Nowhere in that analysis is there an examination of whether Hatten had a reasonable belief that Griffith intentionally spilled the water. Hatten's failure to investigate the matter in a specific way seems to be the foundation for the ALJ's conclusion, but an employer is not required to investigate in any particular manner, Detroit Newspaper Agency v. NLRB, 435 F.3d 302, 310 (D.C.Cir.2006), especially when the Board can point to no evidence that would have been uncovered after a deeper investigation. Of course, none of this is to say whether Hatten reasonably believed that Griffith spilled the water—such a determination is to be made by the finder of fact, not by us. But the finder of fact must actually undertake to make that finding before pronouncing judgment under Wright Line .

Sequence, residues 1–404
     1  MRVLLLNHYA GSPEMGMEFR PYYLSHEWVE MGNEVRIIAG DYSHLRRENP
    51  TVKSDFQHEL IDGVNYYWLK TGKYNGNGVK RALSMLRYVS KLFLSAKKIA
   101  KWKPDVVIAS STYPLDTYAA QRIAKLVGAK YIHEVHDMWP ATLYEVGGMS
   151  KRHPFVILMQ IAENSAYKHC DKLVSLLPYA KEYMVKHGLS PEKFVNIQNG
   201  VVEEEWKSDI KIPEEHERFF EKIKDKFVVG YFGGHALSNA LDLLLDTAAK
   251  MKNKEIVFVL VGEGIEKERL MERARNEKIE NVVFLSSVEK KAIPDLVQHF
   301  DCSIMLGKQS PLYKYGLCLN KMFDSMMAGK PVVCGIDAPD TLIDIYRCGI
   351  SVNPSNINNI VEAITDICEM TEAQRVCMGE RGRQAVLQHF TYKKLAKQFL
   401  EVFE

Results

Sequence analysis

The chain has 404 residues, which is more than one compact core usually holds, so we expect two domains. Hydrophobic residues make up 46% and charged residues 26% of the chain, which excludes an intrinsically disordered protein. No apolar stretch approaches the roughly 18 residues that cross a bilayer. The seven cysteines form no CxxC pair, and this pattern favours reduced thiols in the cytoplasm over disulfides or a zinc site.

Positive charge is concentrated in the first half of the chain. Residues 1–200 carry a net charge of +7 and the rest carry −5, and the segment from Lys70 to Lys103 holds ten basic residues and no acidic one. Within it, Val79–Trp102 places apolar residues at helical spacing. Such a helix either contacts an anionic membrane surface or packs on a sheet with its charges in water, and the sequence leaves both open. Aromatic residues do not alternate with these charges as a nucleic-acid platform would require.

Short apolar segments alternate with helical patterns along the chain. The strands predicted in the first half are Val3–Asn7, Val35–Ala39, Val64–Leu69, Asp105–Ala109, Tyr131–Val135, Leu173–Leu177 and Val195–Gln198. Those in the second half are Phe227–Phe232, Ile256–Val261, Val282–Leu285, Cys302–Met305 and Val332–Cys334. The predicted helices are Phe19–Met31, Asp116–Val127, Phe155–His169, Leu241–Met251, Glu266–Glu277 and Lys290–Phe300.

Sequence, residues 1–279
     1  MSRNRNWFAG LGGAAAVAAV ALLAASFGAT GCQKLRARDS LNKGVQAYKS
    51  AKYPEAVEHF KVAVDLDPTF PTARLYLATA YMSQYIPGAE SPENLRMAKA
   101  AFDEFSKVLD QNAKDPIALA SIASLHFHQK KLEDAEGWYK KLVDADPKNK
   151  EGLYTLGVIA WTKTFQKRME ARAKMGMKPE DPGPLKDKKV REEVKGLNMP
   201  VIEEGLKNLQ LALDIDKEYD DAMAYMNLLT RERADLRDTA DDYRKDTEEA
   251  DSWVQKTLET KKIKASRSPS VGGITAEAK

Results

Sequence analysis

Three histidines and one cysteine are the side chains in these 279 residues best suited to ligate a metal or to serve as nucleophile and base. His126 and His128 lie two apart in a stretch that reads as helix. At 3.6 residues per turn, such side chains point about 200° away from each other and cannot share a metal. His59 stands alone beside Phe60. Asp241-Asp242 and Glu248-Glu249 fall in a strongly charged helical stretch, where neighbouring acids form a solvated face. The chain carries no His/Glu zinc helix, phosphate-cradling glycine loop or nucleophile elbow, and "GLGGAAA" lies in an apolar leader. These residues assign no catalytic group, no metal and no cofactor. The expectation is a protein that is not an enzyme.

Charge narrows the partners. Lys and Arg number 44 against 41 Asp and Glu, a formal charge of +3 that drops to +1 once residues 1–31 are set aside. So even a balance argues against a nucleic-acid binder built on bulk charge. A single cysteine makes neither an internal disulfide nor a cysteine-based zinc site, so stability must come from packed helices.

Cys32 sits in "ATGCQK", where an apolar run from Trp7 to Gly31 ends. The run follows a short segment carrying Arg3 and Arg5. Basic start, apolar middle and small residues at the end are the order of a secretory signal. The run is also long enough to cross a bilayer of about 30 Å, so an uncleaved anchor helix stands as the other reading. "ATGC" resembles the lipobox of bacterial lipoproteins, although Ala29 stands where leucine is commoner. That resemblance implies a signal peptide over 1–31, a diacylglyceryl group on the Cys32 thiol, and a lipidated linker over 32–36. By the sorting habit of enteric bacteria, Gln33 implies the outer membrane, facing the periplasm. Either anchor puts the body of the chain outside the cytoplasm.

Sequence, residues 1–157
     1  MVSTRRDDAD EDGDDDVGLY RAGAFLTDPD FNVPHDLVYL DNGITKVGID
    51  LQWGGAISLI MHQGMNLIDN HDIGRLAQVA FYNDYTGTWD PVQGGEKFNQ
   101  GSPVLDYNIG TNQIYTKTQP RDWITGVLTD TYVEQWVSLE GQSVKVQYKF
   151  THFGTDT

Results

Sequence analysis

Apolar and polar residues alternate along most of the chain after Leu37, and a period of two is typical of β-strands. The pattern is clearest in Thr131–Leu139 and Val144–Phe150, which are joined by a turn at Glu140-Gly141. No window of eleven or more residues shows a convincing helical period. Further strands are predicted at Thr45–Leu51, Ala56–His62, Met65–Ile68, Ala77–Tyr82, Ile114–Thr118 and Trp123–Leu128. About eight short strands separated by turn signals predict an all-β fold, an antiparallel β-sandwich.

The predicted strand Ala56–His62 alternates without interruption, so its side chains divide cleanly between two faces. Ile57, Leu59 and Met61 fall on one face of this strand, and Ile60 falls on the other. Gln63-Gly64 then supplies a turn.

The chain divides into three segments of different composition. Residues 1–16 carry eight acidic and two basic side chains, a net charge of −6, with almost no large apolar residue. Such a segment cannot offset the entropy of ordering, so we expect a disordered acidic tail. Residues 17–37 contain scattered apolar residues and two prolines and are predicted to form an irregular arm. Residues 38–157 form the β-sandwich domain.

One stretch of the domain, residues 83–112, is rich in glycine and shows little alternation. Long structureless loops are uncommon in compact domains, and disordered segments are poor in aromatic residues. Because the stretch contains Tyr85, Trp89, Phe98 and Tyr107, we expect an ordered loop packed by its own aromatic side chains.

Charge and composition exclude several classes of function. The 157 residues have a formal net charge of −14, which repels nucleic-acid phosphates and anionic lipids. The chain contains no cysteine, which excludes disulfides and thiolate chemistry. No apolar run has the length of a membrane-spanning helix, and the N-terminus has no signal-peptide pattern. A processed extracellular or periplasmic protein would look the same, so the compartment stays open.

The ALJ's analyses of the March 23 and 24 incidents are similarly deficient. Rather than applying the Wright Line test by examining Hatten's reasonable beliefs and how those beliefs might have informed his disciplinary decisions, the ALJ simply reached factual conclusions as to what actually happened. He found, for example, that Griffith did not use the word “f* * * ” in the break room after being informed of her suspension on March 24. Board Decision at 30 (ALJ Op.). But Hatten, who was not present during the tirade, relied on reports from managers stating that Griffith did engage in the tirade, and on Griffith's own admission that she “might have” used that language. Whether the ALJ believes the reports are accurate or whether Griffith actually engaged in the tirade is largely immaterial to whether Hatten reasonably believed she did. The ALJ relied on his conclusion that the contemporaneous written reports were self-serving fabrications. See Board Decision at 30 n. 101 (ALJ Op.). Of course, if Hatten were properly found to be part of such a fabrication or to have knowledge of it, that would relate directly to his reasonable belief. But the ALJ made no analysis or finding that Hatten had any reason to doubt the veracity of the reports. Therefore, the proper question was whether Hatten, relying on those reports and Griffith's own admission, reasonably believed the tirade occurred.